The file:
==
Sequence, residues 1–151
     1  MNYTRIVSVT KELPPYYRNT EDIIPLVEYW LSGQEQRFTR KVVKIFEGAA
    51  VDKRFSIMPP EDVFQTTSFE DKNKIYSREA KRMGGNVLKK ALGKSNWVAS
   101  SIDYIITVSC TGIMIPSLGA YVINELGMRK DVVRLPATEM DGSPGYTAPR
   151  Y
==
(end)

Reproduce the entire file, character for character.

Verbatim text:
Sequence, residues 1–151
     1  MNYTRIVSVT KELPPYYRNT EDIIPLVEYW LSGQEQRFTR KVVKIFEGAA
    51  VDKRFSIMPP EDVFQTTSFE DKNKIYSREA KRMGGNVLKK ALGKSNWVAS
   101  SIDYIITVSC TGIMIPSLGA YVINELGMRK DVVRLPATEM DGSPGYTAPR
   151  Y